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What Happens After A Shark Tank Entrepreneur Lands A Deal?

It's the moment every entrepreneur dreams about — making a deal on "Shark Tank." After years of pouring blood, sweat and tears into their business, it's going to be smooth-sailing from here on out with one of the wealthy investors on board — or is it? 

Since 2009, "Shark Tank" has changed the lives of countless individuals. The show's set of investors includes the likes of Lori Greiner, Mark Cuban, Daymond John, and Kevin O'Leary, who are willing to offer their endless resources and years of experience to a hard worker whose business shows signs of making an impact. The process isn't easy for either side. For entrepreneurs, if you're lucky enough to even get on the show (via USA Today), you have to answer tough questions during a pitch so anxiety-inducing, the show has an actual psychiatrist on hand after presentations. Meanwhile, the sharks are given no information beforehand about any of the entrepreneurs (via Forbes), so they must get to know the business owners as well as possible in the time given to determine if the investment is worth it. 

So when that magical moment happens — where entrepreneur and investor finally click — it would seem that both sides could confidently work with one another for the foreseeable future. But as it turns out, there's a little more that could make the deal sink or swim.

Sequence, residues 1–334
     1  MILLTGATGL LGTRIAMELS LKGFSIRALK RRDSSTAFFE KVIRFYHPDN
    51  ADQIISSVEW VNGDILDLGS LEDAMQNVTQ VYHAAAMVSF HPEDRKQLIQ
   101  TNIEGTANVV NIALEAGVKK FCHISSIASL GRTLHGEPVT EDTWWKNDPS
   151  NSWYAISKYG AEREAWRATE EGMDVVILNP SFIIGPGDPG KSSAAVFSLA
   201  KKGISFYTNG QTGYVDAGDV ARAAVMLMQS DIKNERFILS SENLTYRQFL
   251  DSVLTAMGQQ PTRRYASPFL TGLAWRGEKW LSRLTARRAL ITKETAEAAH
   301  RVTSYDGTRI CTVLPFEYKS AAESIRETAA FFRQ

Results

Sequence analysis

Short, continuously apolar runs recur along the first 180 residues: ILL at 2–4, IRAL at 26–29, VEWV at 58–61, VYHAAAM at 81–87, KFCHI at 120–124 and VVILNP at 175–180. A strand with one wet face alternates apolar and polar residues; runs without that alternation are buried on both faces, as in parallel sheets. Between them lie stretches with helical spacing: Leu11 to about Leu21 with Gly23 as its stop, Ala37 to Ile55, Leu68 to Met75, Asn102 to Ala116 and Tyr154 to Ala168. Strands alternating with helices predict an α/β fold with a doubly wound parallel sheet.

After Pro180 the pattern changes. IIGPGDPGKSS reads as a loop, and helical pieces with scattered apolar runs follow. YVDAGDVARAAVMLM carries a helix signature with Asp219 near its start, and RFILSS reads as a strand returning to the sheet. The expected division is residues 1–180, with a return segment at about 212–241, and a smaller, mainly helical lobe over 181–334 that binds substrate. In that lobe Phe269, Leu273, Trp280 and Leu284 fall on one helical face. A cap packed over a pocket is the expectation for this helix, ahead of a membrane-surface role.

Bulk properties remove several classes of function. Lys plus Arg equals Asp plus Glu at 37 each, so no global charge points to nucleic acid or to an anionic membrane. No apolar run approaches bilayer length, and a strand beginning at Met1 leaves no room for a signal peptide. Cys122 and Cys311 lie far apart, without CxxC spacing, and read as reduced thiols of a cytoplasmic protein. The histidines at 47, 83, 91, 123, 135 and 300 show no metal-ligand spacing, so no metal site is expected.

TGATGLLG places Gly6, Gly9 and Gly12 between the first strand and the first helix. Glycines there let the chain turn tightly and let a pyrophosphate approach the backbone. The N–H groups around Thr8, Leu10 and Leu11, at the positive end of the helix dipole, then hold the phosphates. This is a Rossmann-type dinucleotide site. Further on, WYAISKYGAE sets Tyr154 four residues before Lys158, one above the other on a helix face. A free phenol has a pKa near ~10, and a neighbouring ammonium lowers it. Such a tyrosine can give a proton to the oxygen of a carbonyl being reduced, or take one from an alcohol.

The Sharks know how to sniff out a good deal

As intense as the experience of pitching on "Shark Tank" can be, the aftermath of getting a shark on board isn't much different. The set of investors have already put a lot of trust in the businesses they agree to invest in, but before any official legal documents get signed, there's still more digging to do in order to determine who's a hero and who's a zero. 

Longtime "Shark Tank" investor Lori Greiner told CNBC that it's crucial that the sharks know more about what they're getting themselves into. "It's a handshake deal, so we have to learn more," she said. "My due diligence team gives me a nice report on everything about the company, and then we all sit down and determine what would be best for everybody." This and the subsequent paperwork phase can ultimately be what makes or breaks a deal. In an interview with The Motley Fool, investor Robert Herjavec shared his experience after investing in ChordBuddy during the show's third season. "My team reaches out to him and says, 'Can you send us your financial statement?' I'm not exaggerating: A box of receipts showed up ... and we're like, 'Where's your income statement? Are you audited?' He was like, 'What's that?'" 

In recent years, the process of picking out entrepreneurs has become stricter, which has led to an 80% success rate in closing deals, as investor Daymond John told Business Insider